That in a Christian Climate, Soules refin'deThat in a Christian climate souls refinedclimate (n.)region, country [without reference to climatic conditions]R2 IV.i.130
refined (adj.)
old form: refin'de
civilized, cultivated, sophisticated
Should shew so heynous, black, obscene a deed.Should show so heinous, black, obscene a deed! R2 IV.i.131
I speake to Subiects, and a Subiect speakes,I speak to subjects, and a subject speaks, R2 IV.i.132
Stirr'd vp by Heauen, thus boldly for his King.Stirred up by God thus boldly for his king. R2 IV.i.133
My Lord of Hereford here, whom you call King,My Lord of Hereford here, whom you call king, R2 IV.i.134
Is a foule Traytor to prowd Herefords King.Is a foul traitor to proud Hereford's King; R2 IV.i.135
And if you Crowne him, let me prophecie,And if you crown him, let me prophesy R2 IV.i.136
The blood of English shall manure the ground,The blood of English shall manure the ground, R2 IV.i.137
And future Ages groane for his foule Act.And future ages groan for this foul act. R2 IV.i.138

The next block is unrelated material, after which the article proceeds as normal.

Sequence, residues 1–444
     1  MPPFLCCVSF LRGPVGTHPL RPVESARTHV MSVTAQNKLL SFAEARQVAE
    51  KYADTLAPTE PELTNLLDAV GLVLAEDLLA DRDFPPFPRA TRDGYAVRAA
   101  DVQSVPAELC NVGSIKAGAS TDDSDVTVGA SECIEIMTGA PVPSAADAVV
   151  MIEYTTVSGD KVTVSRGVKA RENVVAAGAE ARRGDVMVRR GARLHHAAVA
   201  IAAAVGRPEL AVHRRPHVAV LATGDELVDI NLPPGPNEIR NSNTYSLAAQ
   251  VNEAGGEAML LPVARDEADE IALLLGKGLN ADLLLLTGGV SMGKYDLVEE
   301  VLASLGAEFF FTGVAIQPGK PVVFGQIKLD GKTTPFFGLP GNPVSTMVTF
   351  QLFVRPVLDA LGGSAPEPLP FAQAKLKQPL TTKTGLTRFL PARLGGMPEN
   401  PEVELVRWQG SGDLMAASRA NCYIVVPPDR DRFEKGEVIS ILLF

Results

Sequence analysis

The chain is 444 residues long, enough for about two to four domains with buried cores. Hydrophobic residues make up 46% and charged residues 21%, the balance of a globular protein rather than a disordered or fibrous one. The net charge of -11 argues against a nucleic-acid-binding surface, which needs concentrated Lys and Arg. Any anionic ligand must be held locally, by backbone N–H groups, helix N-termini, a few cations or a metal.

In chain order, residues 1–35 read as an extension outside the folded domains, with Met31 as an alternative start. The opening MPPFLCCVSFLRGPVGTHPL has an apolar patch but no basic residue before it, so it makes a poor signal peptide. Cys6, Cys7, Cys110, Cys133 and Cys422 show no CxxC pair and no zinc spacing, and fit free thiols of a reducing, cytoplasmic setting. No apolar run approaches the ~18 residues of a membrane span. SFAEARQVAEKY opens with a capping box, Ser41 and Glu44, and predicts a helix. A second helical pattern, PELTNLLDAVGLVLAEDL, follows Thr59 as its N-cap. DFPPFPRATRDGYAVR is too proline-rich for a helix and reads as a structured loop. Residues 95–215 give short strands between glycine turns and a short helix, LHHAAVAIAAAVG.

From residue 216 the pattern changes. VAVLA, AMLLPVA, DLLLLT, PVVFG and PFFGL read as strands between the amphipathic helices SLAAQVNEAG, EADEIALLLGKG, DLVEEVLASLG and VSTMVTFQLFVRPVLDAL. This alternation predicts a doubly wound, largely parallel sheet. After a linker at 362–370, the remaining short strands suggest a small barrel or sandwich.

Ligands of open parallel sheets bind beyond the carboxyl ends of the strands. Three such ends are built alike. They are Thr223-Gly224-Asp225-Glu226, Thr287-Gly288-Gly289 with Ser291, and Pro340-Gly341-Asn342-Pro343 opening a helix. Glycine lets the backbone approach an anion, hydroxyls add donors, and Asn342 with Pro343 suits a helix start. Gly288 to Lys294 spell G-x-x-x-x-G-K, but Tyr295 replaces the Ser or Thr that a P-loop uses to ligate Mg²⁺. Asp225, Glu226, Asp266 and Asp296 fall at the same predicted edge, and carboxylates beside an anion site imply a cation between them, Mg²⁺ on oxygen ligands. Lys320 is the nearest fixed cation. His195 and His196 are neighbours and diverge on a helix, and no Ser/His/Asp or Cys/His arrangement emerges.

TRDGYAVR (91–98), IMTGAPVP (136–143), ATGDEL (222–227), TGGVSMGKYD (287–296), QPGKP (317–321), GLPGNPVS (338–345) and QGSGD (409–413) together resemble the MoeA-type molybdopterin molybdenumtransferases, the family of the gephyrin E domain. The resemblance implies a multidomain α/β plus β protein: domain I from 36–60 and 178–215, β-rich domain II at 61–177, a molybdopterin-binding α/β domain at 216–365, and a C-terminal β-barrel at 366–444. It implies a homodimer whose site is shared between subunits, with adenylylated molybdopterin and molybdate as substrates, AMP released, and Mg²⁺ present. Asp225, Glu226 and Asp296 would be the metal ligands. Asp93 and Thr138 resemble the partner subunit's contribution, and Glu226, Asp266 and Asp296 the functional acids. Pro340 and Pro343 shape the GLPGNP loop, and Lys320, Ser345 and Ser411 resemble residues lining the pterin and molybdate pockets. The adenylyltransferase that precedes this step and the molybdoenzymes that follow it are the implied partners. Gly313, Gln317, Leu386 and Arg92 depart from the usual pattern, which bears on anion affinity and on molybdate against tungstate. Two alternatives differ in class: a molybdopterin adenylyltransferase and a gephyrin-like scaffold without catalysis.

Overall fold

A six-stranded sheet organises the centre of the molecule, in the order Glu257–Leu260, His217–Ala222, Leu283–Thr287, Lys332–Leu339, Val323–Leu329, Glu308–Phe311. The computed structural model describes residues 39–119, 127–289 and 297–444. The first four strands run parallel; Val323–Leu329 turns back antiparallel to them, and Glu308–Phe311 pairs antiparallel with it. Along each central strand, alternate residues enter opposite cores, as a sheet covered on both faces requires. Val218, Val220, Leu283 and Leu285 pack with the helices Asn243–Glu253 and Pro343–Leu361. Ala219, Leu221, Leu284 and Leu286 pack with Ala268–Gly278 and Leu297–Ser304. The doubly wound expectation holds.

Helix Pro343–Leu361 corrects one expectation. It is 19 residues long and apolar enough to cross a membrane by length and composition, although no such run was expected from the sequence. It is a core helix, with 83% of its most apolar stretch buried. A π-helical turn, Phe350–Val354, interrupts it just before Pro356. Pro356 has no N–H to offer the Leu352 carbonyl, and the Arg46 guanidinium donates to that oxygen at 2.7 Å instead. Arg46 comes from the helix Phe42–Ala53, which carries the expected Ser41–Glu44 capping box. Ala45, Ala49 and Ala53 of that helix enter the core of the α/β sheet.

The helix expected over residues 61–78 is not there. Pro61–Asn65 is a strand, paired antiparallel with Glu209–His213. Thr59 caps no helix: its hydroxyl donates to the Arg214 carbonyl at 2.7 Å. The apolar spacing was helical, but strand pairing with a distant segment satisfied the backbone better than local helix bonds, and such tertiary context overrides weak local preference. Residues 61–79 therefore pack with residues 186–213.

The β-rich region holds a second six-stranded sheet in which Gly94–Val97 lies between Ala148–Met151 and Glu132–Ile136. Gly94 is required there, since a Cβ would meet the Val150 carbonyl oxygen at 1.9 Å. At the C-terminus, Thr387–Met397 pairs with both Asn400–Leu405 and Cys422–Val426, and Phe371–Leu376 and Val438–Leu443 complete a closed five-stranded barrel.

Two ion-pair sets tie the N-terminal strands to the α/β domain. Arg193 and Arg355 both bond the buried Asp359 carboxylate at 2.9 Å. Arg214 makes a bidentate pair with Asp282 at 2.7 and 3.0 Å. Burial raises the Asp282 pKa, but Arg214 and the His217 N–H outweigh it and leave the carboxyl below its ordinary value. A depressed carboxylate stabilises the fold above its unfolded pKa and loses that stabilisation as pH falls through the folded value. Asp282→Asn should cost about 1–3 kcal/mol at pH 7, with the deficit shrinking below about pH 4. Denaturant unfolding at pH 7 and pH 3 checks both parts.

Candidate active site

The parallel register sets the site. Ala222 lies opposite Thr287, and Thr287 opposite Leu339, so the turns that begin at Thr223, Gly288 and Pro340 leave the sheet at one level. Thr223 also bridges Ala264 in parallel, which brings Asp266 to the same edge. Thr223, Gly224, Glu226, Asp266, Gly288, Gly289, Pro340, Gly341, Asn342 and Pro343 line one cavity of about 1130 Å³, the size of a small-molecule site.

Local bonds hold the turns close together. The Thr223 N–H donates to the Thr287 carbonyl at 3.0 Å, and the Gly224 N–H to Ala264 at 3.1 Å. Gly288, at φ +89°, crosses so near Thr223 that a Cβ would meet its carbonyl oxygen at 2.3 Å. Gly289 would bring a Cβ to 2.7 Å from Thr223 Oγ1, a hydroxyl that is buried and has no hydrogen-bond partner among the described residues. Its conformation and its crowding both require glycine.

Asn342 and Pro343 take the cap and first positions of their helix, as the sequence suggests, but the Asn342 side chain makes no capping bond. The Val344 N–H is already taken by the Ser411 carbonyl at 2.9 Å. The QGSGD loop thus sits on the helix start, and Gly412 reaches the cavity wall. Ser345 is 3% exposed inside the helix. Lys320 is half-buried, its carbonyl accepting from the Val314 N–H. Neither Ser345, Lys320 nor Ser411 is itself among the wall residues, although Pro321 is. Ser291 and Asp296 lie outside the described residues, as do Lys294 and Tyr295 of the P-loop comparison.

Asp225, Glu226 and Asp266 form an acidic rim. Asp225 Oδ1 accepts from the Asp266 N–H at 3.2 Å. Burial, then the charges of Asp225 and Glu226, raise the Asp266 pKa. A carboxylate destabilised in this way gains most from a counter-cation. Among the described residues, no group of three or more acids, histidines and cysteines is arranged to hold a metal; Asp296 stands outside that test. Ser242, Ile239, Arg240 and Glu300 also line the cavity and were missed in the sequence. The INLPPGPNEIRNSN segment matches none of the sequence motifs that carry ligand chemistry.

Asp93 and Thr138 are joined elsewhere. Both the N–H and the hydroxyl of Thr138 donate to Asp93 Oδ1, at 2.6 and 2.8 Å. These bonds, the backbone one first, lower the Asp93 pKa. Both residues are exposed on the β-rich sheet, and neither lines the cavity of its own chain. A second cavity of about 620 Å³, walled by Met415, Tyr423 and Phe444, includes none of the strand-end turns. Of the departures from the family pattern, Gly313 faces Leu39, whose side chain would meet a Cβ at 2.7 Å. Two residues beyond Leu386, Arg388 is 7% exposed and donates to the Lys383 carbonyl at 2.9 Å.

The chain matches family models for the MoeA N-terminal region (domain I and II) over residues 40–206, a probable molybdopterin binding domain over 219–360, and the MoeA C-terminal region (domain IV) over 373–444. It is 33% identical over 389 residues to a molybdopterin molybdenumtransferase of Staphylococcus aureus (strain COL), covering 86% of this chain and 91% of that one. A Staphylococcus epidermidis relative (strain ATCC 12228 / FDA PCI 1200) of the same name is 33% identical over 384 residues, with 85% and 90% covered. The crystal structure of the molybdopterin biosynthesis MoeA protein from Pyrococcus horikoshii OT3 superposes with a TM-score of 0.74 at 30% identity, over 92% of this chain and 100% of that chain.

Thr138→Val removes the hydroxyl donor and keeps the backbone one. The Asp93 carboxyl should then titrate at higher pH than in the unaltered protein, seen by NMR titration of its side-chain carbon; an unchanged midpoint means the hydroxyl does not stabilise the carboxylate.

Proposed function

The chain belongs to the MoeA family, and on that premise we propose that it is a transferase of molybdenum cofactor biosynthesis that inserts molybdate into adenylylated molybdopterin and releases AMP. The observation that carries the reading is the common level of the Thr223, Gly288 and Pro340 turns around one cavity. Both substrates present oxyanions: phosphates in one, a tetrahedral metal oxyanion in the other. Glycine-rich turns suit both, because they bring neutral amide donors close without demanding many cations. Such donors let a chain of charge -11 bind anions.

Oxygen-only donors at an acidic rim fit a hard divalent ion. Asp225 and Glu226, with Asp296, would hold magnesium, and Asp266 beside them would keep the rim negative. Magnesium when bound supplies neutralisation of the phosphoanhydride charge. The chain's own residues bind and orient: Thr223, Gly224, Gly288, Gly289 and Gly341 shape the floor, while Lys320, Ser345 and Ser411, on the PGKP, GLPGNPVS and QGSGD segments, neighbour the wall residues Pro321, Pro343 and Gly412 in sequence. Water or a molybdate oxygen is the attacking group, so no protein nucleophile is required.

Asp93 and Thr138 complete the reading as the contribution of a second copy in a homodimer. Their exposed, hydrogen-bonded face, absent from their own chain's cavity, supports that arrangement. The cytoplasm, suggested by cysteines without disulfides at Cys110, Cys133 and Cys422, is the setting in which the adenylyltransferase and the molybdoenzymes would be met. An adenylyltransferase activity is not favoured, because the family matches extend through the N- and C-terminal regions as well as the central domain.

Peace shall goe sleepe with Turkes and Infidels,Peace shall go sleep with Turks and infidels, R2 IV.i.139
And in this Seat of Peace, tumultuous WarresAnd in this seat of peace tumultuous wars R2 IV.i.140
Shall Kinne with Kinne, and Kinde with Kinde confound.Shall kin with kin, and kind with kind, confound.confound (v.)destroy, overthrow, ruinR2 IV.i.141
kind (n.)
old form: Kinde
breed, lineage, stock, family
Disorder, Horror, Feare, and MutinieDisorder, horror, fear, and mutiny R2 IV.i.142
Shall here inhabite, and this Land be call'dShall here inhabit, and this land be called R2 IV.i.143
The field of Golgotha, and dead mens Sculls.The field of Golgotha and dead men's skulls. R2 IV.i.144
Oh, if you reare this House, against this HouseO, if you raise this house against this houserear (v.)
old form: reare
raise, incite, rouse up
R2 IV.i.145
It will the wofullest Diuision proue,It will the woefullest division prove R2 IV.i.146
That euer fell vpon this cursed Earth.That ever fell upon this cursed earth. R2 IV.i.147
Preuent it, resist it, and let it not be so,Prevent it; resist it; let it not be so, R2 IV.i.148
Least Child, Childs Children cry against you, Woe.Lest child, child's children, cry against you woe. R2 IV.i.149
North. NORTHUMBERLAND 
Well haue you argu'd Sir: and for your paines,Well have you argued, sir; and for your pains R2 IV.i.150